Everett Vokes, MD, and Ralph Weichselbaum, MD, pioneered the combined use of chemo- and radiotherapy for the treatment of head and neck cancer, which becomes the standard of care. Pictured: Everett Vokes, MD


Michelle Le Beau, PhD
Michelle Le Beau, PhD, with Janet Rowley, MD, mapped the first chromosome translocation using fluorescence in situ hybridization (FISH) which became a standard diagnostic tool for blood cancers. Pictured: Michelle Le Beau, PhD
Craig Thompson, MD, uncovered mechanisms regulating lymphocyte survival and death, including BCL-xL, an anti-apoptotic therapeutic target for cancer.
Jeffrey Bluestone, PhD, elucidated the mechanisms by which CTLA-4 signaling inhibits T-cell function, paving the way for the development of ipilimumab, an immunotherapy that effectively targets CTLA-4.
Elaine Fuchs, PhD
Elaine Fuchs, PhD, pioneered reverse genetics, now a commonly used tool, to understand how defective protein function causes skin cancer.

2000 - 2004

James Vardiman, MD, co-led the development of the World Health Organization classification of leukemias and lymphomas, which became the international diagnostic system.
John Crispino, PhD, identified a genetic defect that causes the development of leukemia in infants and children with Down syndrome, providing key insights into the molecular basis of the disease.
Thomas Gajewski, MD, showed immunization with interleukin-12 and engineered peripheral blood mononuclear cells has activity in melanoma patients, setting the stage for modern cancer immunotherapies.
Sonali Smith, MD
Sonali Smith, MD; Richard Larson, MD; Michelle Le Beau, PhD; and James Vardiman, MD, delineate the clinical, genetic, and morphologic subsets of therapy-related myeloid neoplasia arising after cytotoxic therapy for a primary malignant disease. Pictured: Sonali Smith, MD
Mark Ratain, MD, discovered genetic variants that predict which cancer patients are likely to experience severe side effects from the drug irinotecan and helped launch the field of pharmacogenomics.
Harinder Singh, PhD
Harinder Singh, PhD, mapped the regulatory networks controlling the commitment of hematopoietic stem cells into antibody-producing B cells, leading to insights into B cell tumor development.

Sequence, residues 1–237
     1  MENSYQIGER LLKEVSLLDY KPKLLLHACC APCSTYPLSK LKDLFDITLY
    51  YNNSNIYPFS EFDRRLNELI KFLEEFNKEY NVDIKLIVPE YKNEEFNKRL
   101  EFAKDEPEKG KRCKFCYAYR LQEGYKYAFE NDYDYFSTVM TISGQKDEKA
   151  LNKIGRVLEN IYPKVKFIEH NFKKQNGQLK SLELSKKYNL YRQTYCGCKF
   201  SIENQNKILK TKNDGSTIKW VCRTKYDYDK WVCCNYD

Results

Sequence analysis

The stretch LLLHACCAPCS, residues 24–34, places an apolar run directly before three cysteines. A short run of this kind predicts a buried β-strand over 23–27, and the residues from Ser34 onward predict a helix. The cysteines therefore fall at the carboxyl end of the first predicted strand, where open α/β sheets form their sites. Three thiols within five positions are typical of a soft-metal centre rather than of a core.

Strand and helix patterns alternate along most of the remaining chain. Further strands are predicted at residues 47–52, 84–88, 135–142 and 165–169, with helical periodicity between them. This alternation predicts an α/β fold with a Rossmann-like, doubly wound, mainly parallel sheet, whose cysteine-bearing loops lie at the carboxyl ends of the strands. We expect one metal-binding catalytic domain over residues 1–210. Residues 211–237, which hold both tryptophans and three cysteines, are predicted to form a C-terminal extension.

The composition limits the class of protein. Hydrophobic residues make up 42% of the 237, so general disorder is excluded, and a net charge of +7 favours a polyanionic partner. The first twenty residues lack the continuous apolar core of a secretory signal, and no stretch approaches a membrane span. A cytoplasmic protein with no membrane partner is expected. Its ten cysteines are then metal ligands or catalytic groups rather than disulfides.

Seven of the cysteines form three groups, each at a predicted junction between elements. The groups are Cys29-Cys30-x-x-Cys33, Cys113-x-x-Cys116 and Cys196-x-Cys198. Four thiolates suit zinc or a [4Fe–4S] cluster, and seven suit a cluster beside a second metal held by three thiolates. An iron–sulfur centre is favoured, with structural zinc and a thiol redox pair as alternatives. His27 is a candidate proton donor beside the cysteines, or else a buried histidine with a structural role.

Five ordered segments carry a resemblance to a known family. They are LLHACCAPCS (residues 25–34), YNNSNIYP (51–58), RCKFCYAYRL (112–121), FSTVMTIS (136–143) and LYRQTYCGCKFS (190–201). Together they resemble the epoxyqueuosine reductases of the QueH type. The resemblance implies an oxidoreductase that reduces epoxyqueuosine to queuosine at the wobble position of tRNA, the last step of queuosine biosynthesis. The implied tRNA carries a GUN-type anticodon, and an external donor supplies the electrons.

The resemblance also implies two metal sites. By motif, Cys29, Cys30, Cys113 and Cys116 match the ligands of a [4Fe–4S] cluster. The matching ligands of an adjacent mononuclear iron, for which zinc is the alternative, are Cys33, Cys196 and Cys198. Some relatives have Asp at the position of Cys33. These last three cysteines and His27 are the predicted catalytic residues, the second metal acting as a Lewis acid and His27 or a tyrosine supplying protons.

2005 - 2009

Walter Stadler, MD, with Mark Ratain, MD, pioneered a clinical trial design (called randomized discontinuation trial) for anticancer agents, allowing for selection and analysis of patient subgroups most likely to benefit from a growth inhibitory treatment.
Marsha Rosner, PhD
Marsha Rosner, PhD, characterized a signaling inhibitor that impacts the mitotic spindle checkpoint and metastasis and is an attractive therapeutic target for cancer.
Habibul Ahsan, MD
Habibul Ahsan, MD, reported that arsenic in drinking water is associated with the risk of premalignant skin lesions, contributing to the EPA lowering the legal limit of arsenic in United States drinking water.
M. Eileen Dolan, PhD, with Nancy Cox, PhD, discovered genetic variants associated with chemotherapy-induced toxicities using novel cell lines from the HapMap Project, data from which they made publicly available to researchers worldwide, and demonstrated that these variants generally alter gene expression.
Michelle Le Beau, PhD, identified the first haploinsufficient (exerts its effect by loss of a single copy) tumor suppressor gene on chromosome 5 – EGR1 – in therapy-related myeloid neoplasms. The group went on to define a novel molecular mechanism by which leukemia with a del(5q) is the result of a “contiguous gene syndrome” arising from the combined loss of multiple haploinsufficient genes.  
Maryellen Giger, PhD, demonstrated that computer-aided diagnosis imaging tools are accurate for detecting breast cancer, starting a field now known as radiomics. In 2019, QuantX™ – developed by Dr. Giger – became the first FDA-cleared, artificial-intelligence-driven technology to assist radiologists in the diagnosis of breast cancer.
James Nachman, MD, and Wendy Stock, MD
Wendy Stock, MD, with James Nachman, MD, showed that adolescent and young adult acute lymphoblastic leukemia patients had better outcomes on pediatric trials compared to adult trials.